Sign up to take the first challenge!
New challenges launched each week.
My #Next150 challenge is simple; I’m asking you to make bannock and to share a picture of your finished product, a video of you making the bannock, or the recipe you used to social media using the hashtag #BannockChallenge. I hope that you’ll use this simple challenge as a push to learn more about Indigenous foods today and throughout history - and do your best to make this as healthy as you can!
About This Challenge
Bannock and fry bread are often seen as quintessential Indigenous foods on Turtle Island - they find their way onto “Indigenous” menus all around the country at food trucks, at pow wows, and even fine dining restaurants. But as you know - as the savvy #Next150 challenge-taker that you are - there is no “pan-Indigenous” culture of Turtle Island. There’s no singular design style, clothing style, art style, or cuisine that represents all Indigenous cultures on Turtle Island. So how did bannock/fry bread become so ubiquitous among Indigenous cultures here?
In our modern understanding of Indigenous cuisine and country foods - bannock and fry bread are often part of the conversation. For some communities, bannock and fry bread became ingrained in our cuisines after contact when Indigenous Peoples’ food sources were severely restricted or outright rationed by the settler governments. Fry bread and bannock became subsistence foods - or foods made for survival. With just a few simple ingredients, parents and caregivers could create food that was warm and delicious for their families. During the times of ration boxes (just as we continue to do to this day) Indigenous individuals of the day adapted to their circumstances and to the colonial constraints put on them by settler governments - and still made something amazing out of it.
Some Indigenous people and communities enjoyed bannock and variations of it prior to contact, and those foods and recipes are still around today. However, the bannock and fry-bread that most of us know (and probably love), rely on post-contact ingredients. Does that fact make these bannock or fry-bread recipes “less traditional”? That’s up to individuals to think about and to reflect upon personally, but it does bring up ideas of modern nationhood and how we define ourselves as cultures and communities today.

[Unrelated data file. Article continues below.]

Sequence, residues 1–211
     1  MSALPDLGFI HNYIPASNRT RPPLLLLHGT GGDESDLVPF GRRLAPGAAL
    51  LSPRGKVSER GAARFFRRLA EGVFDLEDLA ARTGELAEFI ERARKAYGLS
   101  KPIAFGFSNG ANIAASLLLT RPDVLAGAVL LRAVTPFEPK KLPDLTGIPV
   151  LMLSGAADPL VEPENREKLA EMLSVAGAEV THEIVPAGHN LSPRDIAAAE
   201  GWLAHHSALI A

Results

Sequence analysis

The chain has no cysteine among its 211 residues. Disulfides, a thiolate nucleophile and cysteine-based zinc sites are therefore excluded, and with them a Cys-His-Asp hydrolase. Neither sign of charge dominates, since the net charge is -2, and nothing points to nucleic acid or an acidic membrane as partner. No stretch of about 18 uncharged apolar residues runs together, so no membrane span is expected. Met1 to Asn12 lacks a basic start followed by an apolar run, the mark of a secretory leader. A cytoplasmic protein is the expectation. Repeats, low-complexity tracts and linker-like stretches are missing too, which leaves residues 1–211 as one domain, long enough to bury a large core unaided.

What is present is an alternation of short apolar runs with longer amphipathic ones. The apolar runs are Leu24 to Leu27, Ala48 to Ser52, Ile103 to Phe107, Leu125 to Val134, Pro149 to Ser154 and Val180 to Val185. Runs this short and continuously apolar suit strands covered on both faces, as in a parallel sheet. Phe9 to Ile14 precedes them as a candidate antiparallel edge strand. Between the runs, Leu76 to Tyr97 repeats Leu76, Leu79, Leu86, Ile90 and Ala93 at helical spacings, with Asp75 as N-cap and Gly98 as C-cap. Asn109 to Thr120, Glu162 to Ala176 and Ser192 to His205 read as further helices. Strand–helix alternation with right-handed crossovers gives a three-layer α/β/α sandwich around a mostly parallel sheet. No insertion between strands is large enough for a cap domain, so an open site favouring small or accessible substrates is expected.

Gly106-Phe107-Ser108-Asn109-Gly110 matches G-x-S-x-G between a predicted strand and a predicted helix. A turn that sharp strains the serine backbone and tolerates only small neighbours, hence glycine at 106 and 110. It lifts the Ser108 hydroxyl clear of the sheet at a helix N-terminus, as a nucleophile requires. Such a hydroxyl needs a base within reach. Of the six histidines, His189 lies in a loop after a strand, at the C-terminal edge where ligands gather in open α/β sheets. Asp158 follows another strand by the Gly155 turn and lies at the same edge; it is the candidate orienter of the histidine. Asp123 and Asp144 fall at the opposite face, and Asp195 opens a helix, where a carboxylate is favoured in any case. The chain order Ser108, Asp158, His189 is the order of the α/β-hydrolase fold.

For many Indigenous people, bannock is an intensely personal food. It seems like almost every family has its own recipe and preparation for the food passed down through the generations - and probably some stories about how the recipe came to be. Whether or not you view bannock as a traditional food, it’s undeniably part of Indigenous cultures throughout Turtle Island now. Some communities and families look to pre-contact bannock as their favourite, while others rely on the flour, salt and sugar that we know today. This often means that bannock - while it’s a comfort food - is not nutritious and might not necessarily serve our needs for healthy diets. We can always find ways to incorporate the foods we love - traditional and not - into our lives. I encourage you to explore new bannock recipes and maybe try some healthier versions of the food you may know and love.
Bannock is an excellent symbol for the complex relationship that some Indigenous people have with their identity and their community history. We all grapple with gaps in knowledge about pre-contact life that we want to fill, we all work to build up our communities in our current contexts, and we all look to our family - those who are alive today and those who came before us - to better understand ourselves and our place in the world. Bannock has a storied history on these lands; although it’s a simple food with a simple preparation, it can unlock some complicated feelings and ideas about nationhood, identity, belonging, and community history.